The Duke of Edinburgh’s Award (DofE) is a personal development program for 14 to 24 year olds. The award is designed to be enjoyable whilst learning a wealth of new skills, such as self-reliance, teamwork and leadership. The award also helps students to push themselves physically, help others and explore new territories.
The Duke of Edinburgh’s Award is a recognition of a young person’s successful journey of self-discovery and development, the benefits of achieving an award at any level are endless. It’s difficult to list them all here … but students should know that they will have fun and will push themselves to do new things that will help them to grow in confidence and develop useful skills. A DofE Award can also give students the edge when they apply for college, university or a job.
This is our first year delivering the DofE Award and we will be offering the Bronze award . Pupils who are successful at Bronze level can go on and achieve Silver and Gold Awards. It does require students to commit some of their own time to undertake their selected activities. Each level of the award has four sections to complete,
Activities for each DofE section take a minimum of one hour per week over a set period of time, so that they can be fitted around students’ studies and life outside school. Students will also need to participate regularly and show that they’re committed to their DofE during this time.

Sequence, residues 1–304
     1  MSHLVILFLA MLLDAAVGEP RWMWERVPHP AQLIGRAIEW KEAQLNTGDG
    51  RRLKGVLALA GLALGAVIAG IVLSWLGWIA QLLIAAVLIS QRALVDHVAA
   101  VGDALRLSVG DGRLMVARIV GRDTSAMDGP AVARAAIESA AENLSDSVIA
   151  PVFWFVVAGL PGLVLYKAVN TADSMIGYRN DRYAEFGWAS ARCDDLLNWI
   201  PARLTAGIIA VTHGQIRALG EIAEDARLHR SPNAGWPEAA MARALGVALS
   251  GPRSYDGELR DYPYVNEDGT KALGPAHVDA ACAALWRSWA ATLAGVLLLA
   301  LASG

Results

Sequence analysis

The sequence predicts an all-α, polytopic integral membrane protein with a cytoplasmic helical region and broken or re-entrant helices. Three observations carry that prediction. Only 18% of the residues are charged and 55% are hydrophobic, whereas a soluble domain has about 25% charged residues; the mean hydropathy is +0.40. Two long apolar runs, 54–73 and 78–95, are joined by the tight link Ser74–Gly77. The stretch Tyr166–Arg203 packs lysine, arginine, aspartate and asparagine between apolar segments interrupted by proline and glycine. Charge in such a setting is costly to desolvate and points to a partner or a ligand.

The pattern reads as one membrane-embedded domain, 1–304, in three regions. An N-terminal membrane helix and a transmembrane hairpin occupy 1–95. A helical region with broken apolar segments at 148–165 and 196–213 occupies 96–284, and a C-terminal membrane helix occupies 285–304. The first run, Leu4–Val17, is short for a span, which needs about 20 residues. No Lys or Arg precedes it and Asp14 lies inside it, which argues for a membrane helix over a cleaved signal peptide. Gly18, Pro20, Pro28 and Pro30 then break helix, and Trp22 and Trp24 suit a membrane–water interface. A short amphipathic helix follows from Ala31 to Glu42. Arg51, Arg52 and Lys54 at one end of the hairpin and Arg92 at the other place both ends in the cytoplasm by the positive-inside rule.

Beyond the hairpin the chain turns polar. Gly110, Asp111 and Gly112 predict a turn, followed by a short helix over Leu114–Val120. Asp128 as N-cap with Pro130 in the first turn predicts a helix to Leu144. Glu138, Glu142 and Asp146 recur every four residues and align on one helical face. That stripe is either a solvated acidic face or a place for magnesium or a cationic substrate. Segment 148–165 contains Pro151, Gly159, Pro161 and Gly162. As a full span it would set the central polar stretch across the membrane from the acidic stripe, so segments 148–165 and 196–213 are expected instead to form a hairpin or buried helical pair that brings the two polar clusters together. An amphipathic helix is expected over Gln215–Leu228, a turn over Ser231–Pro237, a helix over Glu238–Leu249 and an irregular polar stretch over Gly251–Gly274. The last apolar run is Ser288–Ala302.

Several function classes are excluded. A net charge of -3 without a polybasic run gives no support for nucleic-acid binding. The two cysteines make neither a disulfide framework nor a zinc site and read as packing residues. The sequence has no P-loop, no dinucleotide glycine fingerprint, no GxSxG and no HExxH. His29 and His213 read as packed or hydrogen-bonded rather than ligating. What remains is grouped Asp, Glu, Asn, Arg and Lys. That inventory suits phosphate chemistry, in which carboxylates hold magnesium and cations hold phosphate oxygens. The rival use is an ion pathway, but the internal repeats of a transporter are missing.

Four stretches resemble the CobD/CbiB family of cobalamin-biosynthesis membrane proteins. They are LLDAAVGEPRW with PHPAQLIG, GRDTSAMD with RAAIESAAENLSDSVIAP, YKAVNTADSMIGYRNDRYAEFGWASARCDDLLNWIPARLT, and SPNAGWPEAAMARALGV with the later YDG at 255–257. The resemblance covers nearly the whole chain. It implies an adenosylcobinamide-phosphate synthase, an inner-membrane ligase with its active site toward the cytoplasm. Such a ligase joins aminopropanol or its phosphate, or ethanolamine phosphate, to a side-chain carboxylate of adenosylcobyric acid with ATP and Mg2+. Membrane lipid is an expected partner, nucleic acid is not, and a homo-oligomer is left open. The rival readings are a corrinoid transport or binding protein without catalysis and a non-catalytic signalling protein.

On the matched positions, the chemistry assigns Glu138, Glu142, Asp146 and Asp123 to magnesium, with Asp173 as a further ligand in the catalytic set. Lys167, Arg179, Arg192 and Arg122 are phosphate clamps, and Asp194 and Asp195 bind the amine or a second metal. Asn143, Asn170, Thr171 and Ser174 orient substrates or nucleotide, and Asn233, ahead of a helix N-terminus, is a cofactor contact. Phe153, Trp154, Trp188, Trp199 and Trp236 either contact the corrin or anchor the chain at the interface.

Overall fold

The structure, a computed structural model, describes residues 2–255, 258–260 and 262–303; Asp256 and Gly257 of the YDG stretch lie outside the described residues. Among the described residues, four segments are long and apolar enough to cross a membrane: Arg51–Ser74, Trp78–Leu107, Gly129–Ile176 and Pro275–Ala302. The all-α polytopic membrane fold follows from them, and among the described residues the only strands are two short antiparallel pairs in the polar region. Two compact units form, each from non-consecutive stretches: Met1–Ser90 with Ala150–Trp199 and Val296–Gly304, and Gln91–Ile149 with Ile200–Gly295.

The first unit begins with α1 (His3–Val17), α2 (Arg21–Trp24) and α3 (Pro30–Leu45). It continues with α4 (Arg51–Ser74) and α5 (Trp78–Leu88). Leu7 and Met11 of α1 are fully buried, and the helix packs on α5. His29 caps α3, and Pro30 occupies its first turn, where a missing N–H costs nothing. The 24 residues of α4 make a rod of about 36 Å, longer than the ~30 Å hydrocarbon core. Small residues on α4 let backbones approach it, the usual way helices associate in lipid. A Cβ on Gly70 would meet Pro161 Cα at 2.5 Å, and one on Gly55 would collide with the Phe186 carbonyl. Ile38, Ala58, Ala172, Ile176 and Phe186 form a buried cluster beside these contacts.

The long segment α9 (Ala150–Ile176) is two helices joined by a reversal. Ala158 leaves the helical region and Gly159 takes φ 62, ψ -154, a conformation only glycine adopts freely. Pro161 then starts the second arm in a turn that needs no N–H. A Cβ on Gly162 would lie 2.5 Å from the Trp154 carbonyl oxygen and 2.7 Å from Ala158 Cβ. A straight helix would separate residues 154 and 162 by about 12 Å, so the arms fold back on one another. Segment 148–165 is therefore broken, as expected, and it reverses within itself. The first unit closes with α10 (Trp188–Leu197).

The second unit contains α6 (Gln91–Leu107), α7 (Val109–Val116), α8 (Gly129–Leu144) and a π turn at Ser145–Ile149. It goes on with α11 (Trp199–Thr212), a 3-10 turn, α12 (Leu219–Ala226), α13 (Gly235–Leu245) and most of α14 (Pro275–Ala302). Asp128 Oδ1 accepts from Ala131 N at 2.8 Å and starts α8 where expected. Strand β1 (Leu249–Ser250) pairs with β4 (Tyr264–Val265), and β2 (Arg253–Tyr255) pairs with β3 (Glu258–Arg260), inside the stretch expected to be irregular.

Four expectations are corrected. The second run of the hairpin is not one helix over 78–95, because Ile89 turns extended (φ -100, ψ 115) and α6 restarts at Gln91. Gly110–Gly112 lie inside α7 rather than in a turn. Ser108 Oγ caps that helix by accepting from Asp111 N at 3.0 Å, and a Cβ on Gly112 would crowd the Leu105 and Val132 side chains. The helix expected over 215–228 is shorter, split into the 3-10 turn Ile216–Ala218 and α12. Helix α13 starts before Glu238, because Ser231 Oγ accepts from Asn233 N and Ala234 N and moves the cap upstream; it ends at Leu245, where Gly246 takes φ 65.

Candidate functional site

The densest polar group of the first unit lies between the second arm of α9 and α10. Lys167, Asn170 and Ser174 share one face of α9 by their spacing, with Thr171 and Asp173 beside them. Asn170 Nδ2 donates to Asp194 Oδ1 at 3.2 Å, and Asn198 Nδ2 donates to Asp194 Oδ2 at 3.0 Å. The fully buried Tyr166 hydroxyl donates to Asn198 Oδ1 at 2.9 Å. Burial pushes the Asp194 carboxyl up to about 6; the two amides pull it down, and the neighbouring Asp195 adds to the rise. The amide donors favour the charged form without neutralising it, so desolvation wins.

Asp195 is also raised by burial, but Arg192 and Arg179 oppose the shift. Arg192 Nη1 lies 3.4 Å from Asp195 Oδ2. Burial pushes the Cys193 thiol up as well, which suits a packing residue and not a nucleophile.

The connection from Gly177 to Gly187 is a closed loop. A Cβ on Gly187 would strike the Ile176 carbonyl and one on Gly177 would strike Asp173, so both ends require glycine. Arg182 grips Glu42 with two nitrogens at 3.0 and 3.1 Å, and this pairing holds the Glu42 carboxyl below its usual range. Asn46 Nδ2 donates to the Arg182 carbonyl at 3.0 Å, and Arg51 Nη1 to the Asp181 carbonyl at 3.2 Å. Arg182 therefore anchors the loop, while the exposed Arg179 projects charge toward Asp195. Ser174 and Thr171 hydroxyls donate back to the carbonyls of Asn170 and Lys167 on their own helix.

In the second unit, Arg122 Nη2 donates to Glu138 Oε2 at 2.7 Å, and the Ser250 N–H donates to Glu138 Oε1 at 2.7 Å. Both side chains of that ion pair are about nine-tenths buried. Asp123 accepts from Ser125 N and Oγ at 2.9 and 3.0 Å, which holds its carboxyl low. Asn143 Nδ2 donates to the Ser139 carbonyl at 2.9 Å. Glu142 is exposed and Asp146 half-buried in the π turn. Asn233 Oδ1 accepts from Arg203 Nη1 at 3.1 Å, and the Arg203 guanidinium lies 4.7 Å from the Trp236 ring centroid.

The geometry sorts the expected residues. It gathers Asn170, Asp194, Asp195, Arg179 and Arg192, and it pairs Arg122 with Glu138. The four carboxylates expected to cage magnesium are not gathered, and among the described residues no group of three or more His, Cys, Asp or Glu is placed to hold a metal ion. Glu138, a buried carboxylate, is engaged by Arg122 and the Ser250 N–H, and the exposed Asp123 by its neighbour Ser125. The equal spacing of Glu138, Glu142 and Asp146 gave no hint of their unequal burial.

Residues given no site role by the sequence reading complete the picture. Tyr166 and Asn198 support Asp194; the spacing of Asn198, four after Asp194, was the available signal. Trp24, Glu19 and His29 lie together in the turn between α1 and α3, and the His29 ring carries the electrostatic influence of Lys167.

Volunteering is simple. It’s about choosing to give time to help people, the community or society, the environment or animals. The Volunteering section of a DofE programme is often the most rewarding, uplifting and memorable part of a young person’s DofE adventure. For the volunteering activity students will need to choose to give time to do something useful without getting paid (apart from expenses). It can, however, sometimes be hard to find a suitable volunteering opportunity for those under the age of 16.
Here is a collection of ideas and opportunities that participants might like to think about for their Volunteering section.
For the physical activity students need to choose any sport, dance or fitness activity – in short, anything that requires a sustained level of energy and physical activity. For example, playing a sport regularly and showing personal improvement would count, such as a school club, gym sessions or out of school sports club. It is not only excellent for students own personal health but also a good training regime for the expedition.
Here is a collection of ideas and opportunities that participants might like to think about for the Physical section.
For the skills activity students need to choose an activity that will allow them to prove they have broadened their understanding and increased their expertise in their chosen skill. It should not be a physical activity, for example horse riding, as this counts towards the Physical section, however, students could choose to learn about caring for horses.
Here is a collection of ideas and opportunities that participants might like to think about for their Skills section.
If you are in doubt about any of the chosen activities for these sections please see Miss Quinn for help and guidance.
This is often the section that the students are most looking forward to! For the Expedition section, students will need to plan, train for and complete an overnight expedition. For Bronze this will be conducted in the local area.
More information will be shared with parents in the course of the year.
Here is a link to the DofE site for more information: